The influence of model infant-toddler group care on parent-child interaction at home

Carolyn Pope Edwards, Mary Ellin Logue, Sandra Loehr, Sanford Roth

Research output: Contribution to journalArticlepeer-review

11 Scopus citations


The effects of day care participation on parent-child interaction at home were assessed using a university-based, half-day model infant-toddler program. Hypotheses concerned whether "child-centered" features of the physical and social environment were carried over by parents to the home. Nineteen matched pairs of center and noncenter children (ages 2 to 24 months at start) were followed for 8 months. All had employed student mothers. Methods included brief parent-reported "spot" observations, a videotaped observation of a bathing or feeding routine, and home environment assessments. Parents showed few group differences during the first half of the study period. At study end, however, center homes were more child-centered with respect to play, safety, and dinner arrangements. Center parents scored higher in proximity and warmth and lower in "teacher-avoided" behaviors. Noncenter parents at study end scored higher in authority (limit setting) and communicating values and labels. The findings are interpreted as supporting an ecological model of substantial intersection and cross-influence between home and day care settings.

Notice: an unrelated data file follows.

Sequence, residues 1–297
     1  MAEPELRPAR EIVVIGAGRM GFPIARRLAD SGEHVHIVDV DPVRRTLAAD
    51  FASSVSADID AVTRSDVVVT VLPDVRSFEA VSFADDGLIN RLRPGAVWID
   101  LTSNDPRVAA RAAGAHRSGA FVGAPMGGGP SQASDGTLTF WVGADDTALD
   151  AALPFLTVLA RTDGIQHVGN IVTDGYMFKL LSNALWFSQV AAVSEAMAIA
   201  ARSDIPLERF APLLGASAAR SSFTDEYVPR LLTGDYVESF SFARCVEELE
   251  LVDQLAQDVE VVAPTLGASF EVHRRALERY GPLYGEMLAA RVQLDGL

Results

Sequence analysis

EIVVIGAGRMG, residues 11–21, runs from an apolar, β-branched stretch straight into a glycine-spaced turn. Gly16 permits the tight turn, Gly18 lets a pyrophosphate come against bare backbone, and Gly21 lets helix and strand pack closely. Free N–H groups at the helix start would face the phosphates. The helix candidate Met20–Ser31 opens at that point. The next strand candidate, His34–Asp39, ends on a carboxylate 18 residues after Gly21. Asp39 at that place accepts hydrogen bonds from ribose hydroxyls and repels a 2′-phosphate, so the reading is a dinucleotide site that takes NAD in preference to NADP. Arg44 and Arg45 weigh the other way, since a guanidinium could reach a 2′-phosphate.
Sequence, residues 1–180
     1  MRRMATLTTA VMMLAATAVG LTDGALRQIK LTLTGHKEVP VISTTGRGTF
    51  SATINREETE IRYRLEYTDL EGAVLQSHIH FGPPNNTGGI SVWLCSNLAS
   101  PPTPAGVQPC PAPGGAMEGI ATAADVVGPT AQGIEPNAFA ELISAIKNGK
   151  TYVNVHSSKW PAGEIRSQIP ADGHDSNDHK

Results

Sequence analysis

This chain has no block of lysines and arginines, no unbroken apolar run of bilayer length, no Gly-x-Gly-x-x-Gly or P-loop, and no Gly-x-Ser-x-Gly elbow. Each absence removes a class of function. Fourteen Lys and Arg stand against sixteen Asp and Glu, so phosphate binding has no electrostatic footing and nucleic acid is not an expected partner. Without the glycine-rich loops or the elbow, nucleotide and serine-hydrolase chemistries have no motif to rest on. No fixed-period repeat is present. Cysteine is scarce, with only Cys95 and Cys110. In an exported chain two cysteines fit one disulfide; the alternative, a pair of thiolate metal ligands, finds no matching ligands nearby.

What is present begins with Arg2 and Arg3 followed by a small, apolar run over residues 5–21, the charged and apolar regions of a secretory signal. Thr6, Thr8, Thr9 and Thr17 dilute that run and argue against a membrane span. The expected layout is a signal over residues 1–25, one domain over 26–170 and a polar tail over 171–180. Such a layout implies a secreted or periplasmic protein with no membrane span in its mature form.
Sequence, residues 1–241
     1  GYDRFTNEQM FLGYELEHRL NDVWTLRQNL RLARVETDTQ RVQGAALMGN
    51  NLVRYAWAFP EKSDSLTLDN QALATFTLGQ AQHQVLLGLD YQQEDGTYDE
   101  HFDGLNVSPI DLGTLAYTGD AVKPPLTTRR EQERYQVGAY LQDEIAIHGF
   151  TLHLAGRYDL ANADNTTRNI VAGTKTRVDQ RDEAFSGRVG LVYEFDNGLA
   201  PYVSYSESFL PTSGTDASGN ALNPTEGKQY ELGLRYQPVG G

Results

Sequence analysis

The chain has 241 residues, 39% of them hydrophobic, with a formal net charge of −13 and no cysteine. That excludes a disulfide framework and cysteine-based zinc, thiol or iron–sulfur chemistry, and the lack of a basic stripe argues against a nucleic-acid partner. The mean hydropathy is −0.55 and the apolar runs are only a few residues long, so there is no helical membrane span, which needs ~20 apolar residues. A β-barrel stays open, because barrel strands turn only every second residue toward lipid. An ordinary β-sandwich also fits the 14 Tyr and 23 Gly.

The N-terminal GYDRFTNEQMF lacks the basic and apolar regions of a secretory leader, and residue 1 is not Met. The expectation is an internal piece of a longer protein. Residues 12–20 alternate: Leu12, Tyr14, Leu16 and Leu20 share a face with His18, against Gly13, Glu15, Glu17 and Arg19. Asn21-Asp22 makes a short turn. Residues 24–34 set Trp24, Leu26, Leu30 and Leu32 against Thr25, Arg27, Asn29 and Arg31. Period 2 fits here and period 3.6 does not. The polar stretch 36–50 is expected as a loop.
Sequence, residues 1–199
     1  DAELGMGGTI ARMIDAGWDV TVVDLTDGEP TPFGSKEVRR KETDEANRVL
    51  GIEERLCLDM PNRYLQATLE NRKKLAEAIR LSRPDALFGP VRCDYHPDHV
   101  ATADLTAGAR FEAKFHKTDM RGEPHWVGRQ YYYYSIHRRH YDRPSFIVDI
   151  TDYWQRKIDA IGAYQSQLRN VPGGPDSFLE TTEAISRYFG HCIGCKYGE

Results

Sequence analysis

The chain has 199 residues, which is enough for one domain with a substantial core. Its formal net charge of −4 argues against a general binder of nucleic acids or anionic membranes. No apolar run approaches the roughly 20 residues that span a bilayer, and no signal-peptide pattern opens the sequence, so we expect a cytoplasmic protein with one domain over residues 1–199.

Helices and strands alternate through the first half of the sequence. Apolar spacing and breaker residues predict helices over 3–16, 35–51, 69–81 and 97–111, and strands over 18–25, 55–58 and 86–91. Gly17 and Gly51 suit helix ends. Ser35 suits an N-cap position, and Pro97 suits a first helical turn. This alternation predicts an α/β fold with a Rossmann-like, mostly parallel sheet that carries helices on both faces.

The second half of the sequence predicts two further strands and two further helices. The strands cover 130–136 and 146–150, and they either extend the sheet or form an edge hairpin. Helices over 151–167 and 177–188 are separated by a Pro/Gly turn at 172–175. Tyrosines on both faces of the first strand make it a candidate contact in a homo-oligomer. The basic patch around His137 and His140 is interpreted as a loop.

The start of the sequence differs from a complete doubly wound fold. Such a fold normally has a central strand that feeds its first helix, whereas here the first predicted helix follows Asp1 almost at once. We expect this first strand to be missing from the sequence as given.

Original languageEnglish (US)
Pages (from-to)317-332
Number of pages16
JournalEarly Childhood Research Quarterly
Issue number4
StatePublished - Dec 1986

ASJC Scopus subject areas

  • Education
  • Developmental and Educational Psychology
  • Sociology and Political Science


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